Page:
The annual Willie Mac Award has an almost profound purpose behind it. Baseball are long and propped up by peaks and valleys, and when it’s all over, few feel satisfied by what transpired, even if they’ve received financial security.
The game itself is based on failure. It’s a guaranteed slog with the occasional burst of not-failure. Teammates become a hybrid of co-worker and family member at best or adversary at worst. So for teammates to give an award to one of their own at the end of the season that says, “Hey, thanks for making us appreciate the game itself” is beautiful. It’s a mark on the calendar that forces Giants players, coaches, and training staff to take a step back and consider just the baseball of it all. Who among them made them feel good about the job?
The Willie Mac Award is an annual honor bestowed upon the most inspirational player on the team, voted upon by Giants players, coaches, training staff and fans.
Kevin Pillar played virtually every game on the schedule during his tenure with the Giants and in virtually every one of those games played, he did something to show you that he was locked in at the task at hand. Sometimes those were tough at bats. Usually it was a defensive play. From the outside looking in, it never looked like he took an inning off or a plate appearance for granted. On paper, that seems to be reality. He had one of his better offensive seasons and is tied for the team lead in home runs with 21.
But it’s the stuff like laying out to make a diving catch when you’re already up 7-0 . . .
. . . or when you really need him to . . .
. . . or just counting on him to be in the lineup every day. Kevin Pillar provided consistency on the field. He made it easier for his teammates to gear up and play each day. That’s not nothing — that’s a pretty big deal. How many co-workers have you had whose performance or mere presence has made you feel better about the work at hand?
Dave Dravecky introduced Bruce Bochy who would announce Pillar as the winner saying,
I’m overwhelmed with the significance of this award. You see, Willie McCovey meant the world to me, and as I watched his life while he was with us, I recognized some very significant things about Willie that I wanted to adopt for myself. He was a man of integrity and a man of humility.
Willie McCovey’s death last year means his memory and the background behind this award will fade from memory and reform into legend, but before that happens, try to remember previous awards. There was Willie Mac, sitting in his wheelchair, and 100,000 watt smile radiating from a joyful face. That’s what Willie brought to his life and the game itself and that’s what this award recognizes.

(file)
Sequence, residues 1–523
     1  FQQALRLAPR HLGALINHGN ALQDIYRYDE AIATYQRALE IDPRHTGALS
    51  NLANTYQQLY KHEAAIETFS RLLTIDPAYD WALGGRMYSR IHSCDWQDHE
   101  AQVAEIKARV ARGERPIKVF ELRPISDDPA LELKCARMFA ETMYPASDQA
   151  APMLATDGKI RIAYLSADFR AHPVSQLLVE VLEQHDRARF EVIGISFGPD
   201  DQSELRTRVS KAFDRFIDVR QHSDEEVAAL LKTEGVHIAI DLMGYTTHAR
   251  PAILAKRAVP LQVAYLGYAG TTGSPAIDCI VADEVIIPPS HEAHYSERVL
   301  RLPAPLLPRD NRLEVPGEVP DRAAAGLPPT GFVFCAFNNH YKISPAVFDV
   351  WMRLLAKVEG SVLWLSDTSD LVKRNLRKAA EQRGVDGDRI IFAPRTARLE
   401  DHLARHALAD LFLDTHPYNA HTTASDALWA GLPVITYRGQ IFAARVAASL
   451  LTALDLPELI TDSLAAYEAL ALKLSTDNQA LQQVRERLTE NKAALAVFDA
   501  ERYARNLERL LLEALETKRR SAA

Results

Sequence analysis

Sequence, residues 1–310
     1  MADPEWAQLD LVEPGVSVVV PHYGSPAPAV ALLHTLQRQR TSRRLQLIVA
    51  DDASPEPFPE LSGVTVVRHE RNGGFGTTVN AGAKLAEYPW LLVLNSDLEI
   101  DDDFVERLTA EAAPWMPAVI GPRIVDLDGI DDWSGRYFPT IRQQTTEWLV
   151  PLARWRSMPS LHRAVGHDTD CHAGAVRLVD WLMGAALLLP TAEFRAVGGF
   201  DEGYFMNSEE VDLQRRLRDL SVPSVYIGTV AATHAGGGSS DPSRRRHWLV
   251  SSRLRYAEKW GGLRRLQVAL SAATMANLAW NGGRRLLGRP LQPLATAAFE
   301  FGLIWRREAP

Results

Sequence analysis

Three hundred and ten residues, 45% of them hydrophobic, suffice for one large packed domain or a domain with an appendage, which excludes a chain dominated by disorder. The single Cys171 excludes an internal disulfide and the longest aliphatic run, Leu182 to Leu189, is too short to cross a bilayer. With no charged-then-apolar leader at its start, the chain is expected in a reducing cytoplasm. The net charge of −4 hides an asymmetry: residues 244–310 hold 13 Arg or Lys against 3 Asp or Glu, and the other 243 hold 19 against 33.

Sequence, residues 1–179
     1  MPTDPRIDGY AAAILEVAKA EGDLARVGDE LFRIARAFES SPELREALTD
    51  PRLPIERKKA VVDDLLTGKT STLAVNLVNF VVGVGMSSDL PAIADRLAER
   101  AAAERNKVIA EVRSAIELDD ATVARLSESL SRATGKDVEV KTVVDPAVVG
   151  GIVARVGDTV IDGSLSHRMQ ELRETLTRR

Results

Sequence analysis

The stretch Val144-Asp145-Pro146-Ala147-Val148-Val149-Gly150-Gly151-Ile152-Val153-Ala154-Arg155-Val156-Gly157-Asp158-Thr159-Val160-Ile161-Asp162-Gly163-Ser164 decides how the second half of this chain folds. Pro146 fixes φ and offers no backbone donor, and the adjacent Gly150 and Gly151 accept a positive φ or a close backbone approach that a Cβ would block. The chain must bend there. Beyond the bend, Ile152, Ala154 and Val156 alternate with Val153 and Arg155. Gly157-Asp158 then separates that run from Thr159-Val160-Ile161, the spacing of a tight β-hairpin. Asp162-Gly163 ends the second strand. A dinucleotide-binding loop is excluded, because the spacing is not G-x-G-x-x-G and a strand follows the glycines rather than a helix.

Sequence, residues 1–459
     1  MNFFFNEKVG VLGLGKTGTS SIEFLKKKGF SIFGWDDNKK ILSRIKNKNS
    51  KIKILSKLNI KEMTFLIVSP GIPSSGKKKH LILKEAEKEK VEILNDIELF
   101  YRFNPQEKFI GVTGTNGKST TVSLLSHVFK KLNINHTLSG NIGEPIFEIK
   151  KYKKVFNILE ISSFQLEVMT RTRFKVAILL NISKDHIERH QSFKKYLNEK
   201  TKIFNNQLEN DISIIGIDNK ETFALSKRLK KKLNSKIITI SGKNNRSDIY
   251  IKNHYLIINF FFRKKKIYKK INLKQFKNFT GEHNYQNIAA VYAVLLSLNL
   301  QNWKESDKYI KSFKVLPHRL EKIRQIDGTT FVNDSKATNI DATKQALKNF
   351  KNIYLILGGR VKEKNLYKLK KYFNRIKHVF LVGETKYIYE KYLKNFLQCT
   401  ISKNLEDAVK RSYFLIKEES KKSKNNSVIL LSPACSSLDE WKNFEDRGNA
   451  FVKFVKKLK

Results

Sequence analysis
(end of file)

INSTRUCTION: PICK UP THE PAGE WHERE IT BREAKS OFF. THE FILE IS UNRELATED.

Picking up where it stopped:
So, thank you, Kevin Pillar, for being a gamer. For being joyful, even when the Giants weren’t.
Willie Mac Award winners
|1994||(not awarded due to strike)|
|1997||J. T. Snow|
|2004||J. T. Snow|
|2016||Javier Lopez, Brandon Crawford (tie)|
If you don’t want to watch the entire ceremony, Pillar’s opening statement is what we’ll be talking about the rest of the way.
First off, I’d like to thank Farhan for believing in me and trading for me and making me a Giant.
The Giants are still in their transition phase and figure to be maybe even a little bit worse next year if they don’t re-sign Madison Bumgarner or add a decent player or four in free agency, so, having a guy or maybe even multiple guys who are happy to be on the team and can contribute a little bit figures to be a consideration in the offseason.
They might not bring back Pillar, and almost exclusively for analytical reasons. That would be an interesting decision on the front office’s part, because the metrics aren’t going to be different in a good way going into next year from how they were going into this year, and this year the new front office traded for him anyway.
His 2019 production had to have been in a the upper percentile of their internal projection systems, too, meaning that it’s not a guarantee that they’d walk away from a player just because he has a sub-100 OPS+. On the other hand, we might find out that a lot of what Farhan & co. did this year was designed to simply get the franchise through the final year of Bochy’s deal and last pages of the Giants’ dynasty.
There have been plenty of Willie Mac Award winners over the years who weren’t on the team the year after winning the award, but I think the best comparison goes to David Bell. Now, Pillar did have 17 plate appearances in Toronto before being traded, so that’s a little bit different from Bell, who was acquired in the offseason, but basically, Bell played in San Francisco in 2002 and that’s it.
Bell was going into his age-30 season and Brian Sabean determined that it was better to supplement the loss of Jeff Kent by going after a younger and wildly better offensive upgrade in Edgardo Alfonzo, even though he’d cost much more than Bell. A potential comparison for Pillar’s situation going into the offseason is the availability of Marcell Ozuna.
But that’s all the business stuff. In the Giants’ final year as the team of the 2010s, amidst a sea of changes that washed away the relevance of the franchise cornerstones and through day after day of dealing with Bruce Bochy saying goodbye to everyone and everything, there was Kevin Pillar, standing out and making baseball fun. Fans even had a chance to put in their vote. It didn’t take long for him to win over an entire fan base through his effort.
Kevin Pillar was one of the few reasons why this season had any joy to it. The Willie Mac Award was the least we could do to show our appreciation for that.